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John Anderson (natural philosopher)
|Born||(1726-09-26)26 September 1726
|Died||13 January 1796(1796-01-13) (aged 69)
John Anderson  (26 September 1726 – 13 January 1796) was a Scottish natural philosopher and liberal educator at the forefront of the application of science to technology in the industrial revolution, and of the education and advancement of working men and women. He was a joint founder of the Royal Society of Edinburgh, and was the posthumous founder of Anderson's College (later Anderson's Institution), which ultimately evolved into the University of Strathclyde.
Early life and career
Anderson was born at the manse at Rosneath, Dunbartonshire, the son of Margaret Turner (d. 1784) and Rev James Anderson His father and grandfather were prominent ministers of the church. After his father's death he was raised by his aunt in Stirling, where he attended grammar school.
From 1755-57 he was Professor of Oriental Languages in the University of Glasgow, and from 1757 to 1796 Professor of Natural Philosophy. He is the longest-serving natural philosophy lecturer during the 18th century.
A leading scientist
In 1760, Anderson was appointed to the more congenial post of professor of natural philosophy at the University of Glasgow. He began to concentrate on physics. He had a love of experiments, practical mechanics and inventions. He encouraged James Watt in his development of steam power. He was acquainted with Benjamin Franklin, and in 1772 he installed the first lightning conductor in Glasgow.
Anderson also wrote the pioneering textbook Institutes of Physics published in 1786, which went through five editions in ten years. He was elected a Fellow of the Royal Society and this brought him into contact with many of the leading scientists of the day.
A pioneer of vocational education for working people
His greatest love though was in providing "useful learning" to the working class, especially in the application of science to industry. He did this alongside his University duties, by providing non-academic lectures for artisans during the evenings. In these popular lectures he concentrated on experiments and demonstrations, and from his predilection for setting off explosions and fireworks, he acquired the nickname "Jolly Jack Phosphorus".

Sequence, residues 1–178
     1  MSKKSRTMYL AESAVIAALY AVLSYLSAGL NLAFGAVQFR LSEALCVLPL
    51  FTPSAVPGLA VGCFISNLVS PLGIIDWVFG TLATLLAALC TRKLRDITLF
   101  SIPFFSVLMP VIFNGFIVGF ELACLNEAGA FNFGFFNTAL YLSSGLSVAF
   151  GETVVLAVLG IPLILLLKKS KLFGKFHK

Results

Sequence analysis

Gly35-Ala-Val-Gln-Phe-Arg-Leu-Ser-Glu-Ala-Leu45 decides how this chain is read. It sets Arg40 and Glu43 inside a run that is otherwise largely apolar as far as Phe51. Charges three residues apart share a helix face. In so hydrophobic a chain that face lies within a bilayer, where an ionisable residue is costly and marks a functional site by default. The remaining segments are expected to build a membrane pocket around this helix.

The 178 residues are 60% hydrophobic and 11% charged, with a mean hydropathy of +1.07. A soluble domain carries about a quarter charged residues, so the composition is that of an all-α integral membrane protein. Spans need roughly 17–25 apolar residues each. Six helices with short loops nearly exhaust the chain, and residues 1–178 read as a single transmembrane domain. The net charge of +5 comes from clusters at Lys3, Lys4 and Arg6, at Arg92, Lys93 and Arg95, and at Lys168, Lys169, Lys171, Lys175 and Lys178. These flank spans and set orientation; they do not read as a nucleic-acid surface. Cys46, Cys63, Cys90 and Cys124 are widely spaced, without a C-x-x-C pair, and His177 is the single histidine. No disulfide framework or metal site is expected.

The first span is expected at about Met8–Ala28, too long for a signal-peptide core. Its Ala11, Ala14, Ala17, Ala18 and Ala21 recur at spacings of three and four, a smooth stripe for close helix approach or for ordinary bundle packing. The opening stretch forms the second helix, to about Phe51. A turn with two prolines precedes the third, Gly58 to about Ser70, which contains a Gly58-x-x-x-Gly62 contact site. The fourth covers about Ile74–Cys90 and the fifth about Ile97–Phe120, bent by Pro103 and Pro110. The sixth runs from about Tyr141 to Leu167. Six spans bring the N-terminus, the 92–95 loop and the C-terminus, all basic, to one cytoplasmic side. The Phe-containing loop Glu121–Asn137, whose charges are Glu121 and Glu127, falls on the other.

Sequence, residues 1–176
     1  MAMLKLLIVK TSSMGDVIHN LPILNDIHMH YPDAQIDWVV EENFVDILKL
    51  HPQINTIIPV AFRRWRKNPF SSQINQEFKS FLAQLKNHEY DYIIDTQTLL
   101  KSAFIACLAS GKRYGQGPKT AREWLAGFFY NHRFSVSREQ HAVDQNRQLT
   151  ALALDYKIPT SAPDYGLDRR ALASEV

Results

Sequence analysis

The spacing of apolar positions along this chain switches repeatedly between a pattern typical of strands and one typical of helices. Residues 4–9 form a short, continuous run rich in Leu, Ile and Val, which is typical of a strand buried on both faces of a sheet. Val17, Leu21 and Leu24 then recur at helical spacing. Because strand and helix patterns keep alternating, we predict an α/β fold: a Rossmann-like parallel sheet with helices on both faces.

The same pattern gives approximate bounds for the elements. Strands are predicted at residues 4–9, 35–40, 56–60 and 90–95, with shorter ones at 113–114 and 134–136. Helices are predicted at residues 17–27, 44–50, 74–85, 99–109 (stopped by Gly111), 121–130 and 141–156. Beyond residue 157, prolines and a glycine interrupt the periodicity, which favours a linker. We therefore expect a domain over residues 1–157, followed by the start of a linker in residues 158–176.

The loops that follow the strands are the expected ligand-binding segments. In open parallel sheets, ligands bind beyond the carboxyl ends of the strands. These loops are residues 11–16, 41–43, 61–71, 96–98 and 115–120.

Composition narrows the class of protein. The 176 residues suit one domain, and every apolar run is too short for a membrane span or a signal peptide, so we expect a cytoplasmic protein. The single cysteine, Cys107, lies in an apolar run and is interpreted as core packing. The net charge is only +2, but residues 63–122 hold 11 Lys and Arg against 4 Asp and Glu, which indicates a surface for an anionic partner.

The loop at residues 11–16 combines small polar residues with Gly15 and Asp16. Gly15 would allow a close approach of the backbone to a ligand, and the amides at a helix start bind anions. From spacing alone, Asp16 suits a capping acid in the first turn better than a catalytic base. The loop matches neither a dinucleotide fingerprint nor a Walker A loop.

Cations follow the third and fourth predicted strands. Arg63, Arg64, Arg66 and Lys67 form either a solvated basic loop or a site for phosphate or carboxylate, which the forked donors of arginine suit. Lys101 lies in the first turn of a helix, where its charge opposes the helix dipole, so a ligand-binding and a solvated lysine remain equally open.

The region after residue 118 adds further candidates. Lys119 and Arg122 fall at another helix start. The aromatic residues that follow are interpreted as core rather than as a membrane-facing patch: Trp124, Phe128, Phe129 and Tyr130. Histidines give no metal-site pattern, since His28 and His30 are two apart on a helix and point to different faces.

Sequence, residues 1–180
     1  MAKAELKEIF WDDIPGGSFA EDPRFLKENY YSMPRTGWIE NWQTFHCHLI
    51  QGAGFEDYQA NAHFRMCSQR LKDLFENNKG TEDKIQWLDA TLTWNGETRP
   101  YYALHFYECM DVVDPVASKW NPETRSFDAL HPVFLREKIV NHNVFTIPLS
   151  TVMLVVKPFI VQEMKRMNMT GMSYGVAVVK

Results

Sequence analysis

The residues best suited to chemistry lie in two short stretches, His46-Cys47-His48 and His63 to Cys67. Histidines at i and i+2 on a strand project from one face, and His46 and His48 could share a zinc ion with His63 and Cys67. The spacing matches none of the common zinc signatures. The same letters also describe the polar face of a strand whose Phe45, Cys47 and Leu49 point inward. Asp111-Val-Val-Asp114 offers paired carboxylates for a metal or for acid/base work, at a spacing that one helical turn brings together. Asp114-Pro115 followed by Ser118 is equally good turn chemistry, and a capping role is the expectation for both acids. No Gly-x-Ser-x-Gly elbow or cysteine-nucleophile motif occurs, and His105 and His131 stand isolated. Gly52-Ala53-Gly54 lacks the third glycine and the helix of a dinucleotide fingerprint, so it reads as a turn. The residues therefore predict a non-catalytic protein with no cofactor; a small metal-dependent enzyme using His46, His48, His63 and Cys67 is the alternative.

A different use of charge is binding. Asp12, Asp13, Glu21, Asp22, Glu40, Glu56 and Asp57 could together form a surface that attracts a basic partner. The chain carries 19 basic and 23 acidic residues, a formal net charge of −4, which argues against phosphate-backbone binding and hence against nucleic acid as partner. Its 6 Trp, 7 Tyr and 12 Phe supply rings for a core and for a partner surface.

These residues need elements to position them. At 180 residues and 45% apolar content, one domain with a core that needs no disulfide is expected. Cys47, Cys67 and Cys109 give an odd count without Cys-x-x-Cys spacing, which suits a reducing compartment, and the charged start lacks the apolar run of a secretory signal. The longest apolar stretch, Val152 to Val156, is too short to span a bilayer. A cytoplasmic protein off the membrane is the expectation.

Anderson was also known for his radical political views and was a supporter of the French Revolution. In 1791 he invented a new type of six-pound gun, which was presented to the National Convention in Paris as "the gift of Science to Liberty". While in France, neighbouring Germany, fearing the spread of radical politics to its territory, imposed a blockade on French newspapers. Anderson suggested sending pamphlets on the wind to Germany attached to small hydrogen balloons, and this was done, with each balloon bearing an inscription translated as "O’er hills and dales, and lines of hostile troops, I float majestic, bearing the laws of God and Nature to oppressed men, and bidding them with arms their rights maintain."
Founder of a university
Building on the lectures for artisans, he bequeathed his property for the foundation of a school in Glasgow devoted to "useful learning", called Anderson's Institution or Andersonian University. As an example of its success it enabled a young millworker, David Livingstone, to become a famous missionary doctor and the foremost explorer of his day. The Institution underwent various name-changes and a number of mergers with other colleges before arriving at its current form as the University of Strathclyde, which honours Anderson in the name of the physics building and the main library, the Andersonian Library. The city centre campus is named the John Anderson Campus.
John Anderson died in Glasgow at the age of 69. He is buried with his grandfather in Ramshorn Cemetery on Ingram Street in Glasgow. On 13 January 1996 representatives from the University of Glasgow laid a wreath to mark the bicentennial of Anderson's death.
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